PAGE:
Our Patron: Saint Jose Sanchez Del Rio
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Saint Jose Luis Sanchez Del Rio was born in Sahuayo, Michoacan (Mexico), on March 28, 1913—his parents were Macario Sanchez and María del Río. At the age of 13 , Jose begged God that he too might be able to die in defense of his Catholic faith. In response to the bitter persecution of the Catholic Church by the government of Plutarco Calles, a movement of Catholics called the “Cristeros” rose up in defense of the Faith. Jose Luis Sanchez del Rio told his mother, “In order to go to Heaven, we have to go to war.”
He begged his mother to permit him to accompany the Cristeros, saying "Never has it been so easy to obtain Heaven!" Eventually she allowed him to join the other men in his family who were going. Given his youth, it required much pleading before the Cristero general finally gave him permission to join them, albeit only as a flag bearer. Only a short while after Jose joined the Cristeros, a battle was joined between the government forces and the Cristeros in which the general’s horse was killed. The young man said to the general, “Take my horse and save yourself. You’re the general, and what am I worth to the cause?” The general refused at first to take the young man’s horse, but Jose insisted, and finally the general got on the horse and fled.
When the government troops caught up to the youth, he said to them, “You are going to take me, but I don’t surrender.” When Jose was first captured, the government troops forced him to witness the execution of another Cristero, thinking that he would weaken in his defiance when he saw the killing. Instead, rather the opposite happened—Jose encouraged the man, who while preparing to be executed was wavering in the face of death, to embrace his martyrdom, and the man died heroically for his faith!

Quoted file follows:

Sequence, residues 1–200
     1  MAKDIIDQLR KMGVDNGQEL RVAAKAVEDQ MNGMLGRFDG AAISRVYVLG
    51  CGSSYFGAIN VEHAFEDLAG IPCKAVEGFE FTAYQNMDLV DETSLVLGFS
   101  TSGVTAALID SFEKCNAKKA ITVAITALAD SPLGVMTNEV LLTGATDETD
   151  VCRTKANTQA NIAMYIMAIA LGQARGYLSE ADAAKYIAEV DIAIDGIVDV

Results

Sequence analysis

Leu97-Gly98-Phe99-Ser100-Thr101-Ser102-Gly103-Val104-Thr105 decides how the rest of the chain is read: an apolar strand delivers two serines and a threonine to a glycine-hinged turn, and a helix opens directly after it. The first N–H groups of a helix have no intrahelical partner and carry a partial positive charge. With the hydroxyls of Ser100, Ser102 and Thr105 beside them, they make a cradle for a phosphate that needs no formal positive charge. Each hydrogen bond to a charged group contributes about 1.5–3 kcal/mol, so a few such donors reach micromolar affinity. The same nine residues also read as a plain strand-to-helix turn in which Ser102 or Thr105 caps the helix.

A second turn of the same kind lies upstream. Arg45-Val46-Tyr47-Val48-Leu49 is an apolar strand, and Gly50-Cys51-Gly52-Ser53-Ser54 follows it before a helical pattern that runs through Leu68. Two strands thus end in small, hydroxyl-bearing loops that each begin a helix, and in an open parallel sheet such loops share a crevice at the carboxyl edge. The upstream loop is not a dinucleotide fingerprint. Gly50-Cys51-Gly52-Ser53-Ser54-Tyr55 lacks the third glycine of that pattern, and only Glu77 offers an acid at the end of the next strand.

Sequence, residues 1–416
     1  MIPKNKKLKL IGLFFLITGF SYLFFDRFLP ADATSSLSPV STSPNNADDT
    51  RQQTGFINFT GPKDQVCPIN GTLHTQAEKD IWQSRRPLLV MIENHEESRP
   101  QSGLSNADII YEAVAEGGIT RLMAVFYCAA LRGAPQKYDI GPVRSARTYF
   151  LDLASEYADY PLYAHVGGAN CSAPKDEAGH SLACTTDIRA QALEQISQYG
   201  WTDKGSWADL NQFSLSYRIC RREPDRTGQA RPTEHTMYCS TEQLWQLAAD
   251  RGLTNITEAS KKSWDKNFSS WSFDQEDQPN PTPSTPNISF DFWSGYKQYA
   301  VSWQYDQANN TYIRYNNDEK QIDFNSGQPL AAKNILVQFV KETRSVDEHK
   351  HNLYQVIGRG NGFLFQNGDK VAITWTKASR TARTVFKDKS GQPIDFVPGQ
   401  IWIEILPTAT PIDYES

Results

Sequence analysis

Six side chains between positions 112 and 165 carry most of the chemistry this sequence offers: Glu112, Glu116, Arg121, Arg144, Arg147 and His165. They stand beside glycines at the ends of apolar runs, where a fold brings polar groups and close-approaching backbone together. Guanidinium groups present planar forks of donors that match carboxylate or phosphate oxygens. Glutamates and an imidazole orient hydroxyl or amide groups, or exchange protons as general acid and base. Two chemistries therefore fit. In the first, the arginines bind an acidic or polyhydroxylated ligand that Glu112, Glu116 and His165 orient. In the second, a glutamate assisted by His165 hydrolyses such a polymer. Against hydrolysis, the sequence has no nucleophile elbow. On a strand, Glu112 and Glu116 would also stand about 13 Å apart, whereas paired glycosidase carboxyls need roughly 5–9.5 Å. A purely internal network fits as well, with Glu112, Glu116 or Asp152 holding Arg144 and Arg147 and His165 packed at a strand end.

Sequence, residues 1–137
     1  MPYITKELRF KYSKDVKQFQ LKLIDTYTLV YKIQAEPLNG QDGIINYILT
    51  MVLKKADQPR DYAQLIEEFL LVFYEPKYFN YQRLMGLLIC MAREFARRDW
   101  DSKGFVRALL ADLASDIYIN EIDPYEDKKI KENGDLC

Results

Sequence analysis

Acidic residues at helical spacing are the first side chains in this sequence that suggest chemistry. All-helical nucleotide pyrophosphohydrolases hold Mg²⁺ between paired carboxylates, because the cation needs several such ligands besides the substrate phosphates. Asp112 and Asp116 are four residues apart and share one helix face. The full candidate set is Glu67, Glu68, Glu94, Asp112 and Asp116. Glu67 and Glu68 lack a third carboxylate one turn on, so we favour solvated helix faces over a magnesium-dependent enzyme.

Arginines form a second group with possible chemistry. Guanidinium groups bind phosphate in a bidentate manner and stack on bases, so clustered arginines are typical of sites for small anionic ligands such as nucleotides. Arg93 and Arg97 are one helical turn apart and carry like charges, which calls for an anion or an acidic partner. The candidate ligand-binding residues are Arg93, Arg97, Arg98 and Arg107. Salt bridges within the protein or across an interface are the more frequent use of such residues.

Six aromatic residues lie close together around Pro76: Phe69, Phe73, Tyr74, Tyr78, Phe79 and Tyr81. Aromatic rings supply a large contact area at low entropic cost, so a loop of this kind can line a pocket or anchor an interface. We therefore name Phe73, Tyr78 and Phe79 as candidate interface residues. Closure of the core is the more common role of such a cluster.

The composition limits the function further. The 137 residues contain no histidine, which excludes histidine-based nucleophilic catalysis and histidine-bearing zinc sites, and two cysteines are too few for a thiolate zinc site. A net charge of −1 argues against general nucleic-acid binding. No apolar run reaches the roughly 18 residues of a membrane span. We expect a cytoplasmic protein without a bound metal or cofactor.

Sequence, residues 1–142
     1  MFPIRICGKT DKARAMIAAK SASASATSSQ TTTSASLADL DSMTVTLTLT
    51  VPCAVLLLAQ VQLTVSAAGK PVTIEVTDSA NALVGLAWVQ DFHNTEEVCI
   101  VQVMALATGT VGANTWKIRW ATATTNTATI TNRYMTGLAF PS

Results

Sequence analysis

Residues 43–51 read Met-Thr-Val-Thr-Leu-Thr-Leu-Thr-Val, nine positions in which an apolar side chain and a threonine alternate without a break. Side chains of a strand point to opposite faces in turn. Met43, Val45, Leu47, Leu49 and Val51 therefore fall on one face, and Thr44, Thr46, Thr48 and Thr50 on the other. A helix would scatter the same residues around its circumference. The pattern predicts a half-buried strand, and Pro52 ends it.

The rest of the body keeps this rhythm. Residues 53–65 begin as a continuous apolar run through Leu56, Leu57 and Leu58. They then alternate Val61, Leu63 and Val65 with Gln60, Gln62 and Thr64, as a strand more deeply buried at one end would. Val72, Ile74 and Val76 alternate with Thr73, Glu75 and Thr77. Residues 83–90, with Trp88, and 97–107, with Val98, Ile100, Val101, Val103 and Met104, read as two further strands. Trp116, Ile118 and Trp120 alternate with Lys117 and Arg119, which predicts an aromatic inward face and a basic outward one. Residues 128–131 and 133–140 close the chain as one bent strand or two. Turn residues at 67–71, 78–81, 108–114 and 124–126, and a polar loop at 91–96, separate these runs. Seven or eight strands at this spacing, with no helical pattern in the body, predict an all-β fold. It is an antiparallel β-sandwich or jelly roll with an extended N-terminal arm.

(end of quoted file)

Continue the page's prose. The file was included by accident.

Jose was imprisoned in a town called Sahuayo (in Michoacan), in the parish church, which they were using as a jail. The local government authority, a man named Rafael Picasso, asked for a large ransom to let Jose go, because despite his age, they were going to shoot him as they did all the other Cristeros who refused to apostatize. However, Jose told his people not to offer them any money since because he wanted to go to Heaven, he would just go back to the struggle.
The government officials encouraged Jose to write a letter to his aunt Maria Sanchez, and they told his aunt to tell Jose’s mother that she should come and pass by the church. They thought that if Jose could see his mother close-up, he would weaken in his resolve at seeing her tears, but he did not waiver. Witnesses say that his food was brought to him in a small basket, and in that food his uncle, Fr. Ignacio Sanchez, would put a consecrated Host. When he got it, he knelt there in the church, gave thanks, and then gave himself Holy Communion. People walking by the church on the street said that they could hear Jose praying the rosary and singing hymns to Our Lady—he never wavered in his prayer life while he was imprisoned.
Picasso, the government official, had decided not only to use the parish church as a jail, but also as a chicken coop. He had a collection of fine and valuable imported fighting roosters, and had decided to house them in the church. When Jose arrived he saw the roosters running around the church and was indignant, and said, “This is not a barnyard!” He took them all by the neck and killed them, hanging them from a banister. According to some, Picasso had imported some of those very fine birds all the way from Canada, and this was the last straw; he was so indignant that he commanded that they execute the boy by firing squad. The soldiers noticed that Jose didn’t have any shoes on and they offered to give him some. He told them, “Why do I need shoes? What I want is to go to Heaven.”
Therefore, the soldiers brought Jose to be executed, and as they did so they began to strike him with the machetes they carried. Even worse, they chopped off the soles of Jose’s feet, and they forced him to walk along the rocky unpaved road to the cemetery. Instead of complaining, he shouted, “Long live Christ the King!” Witnesses said that the stones where Jose had trodden were all soaked in his blood, and although he moaned from the pain, he never weakened in his resolve.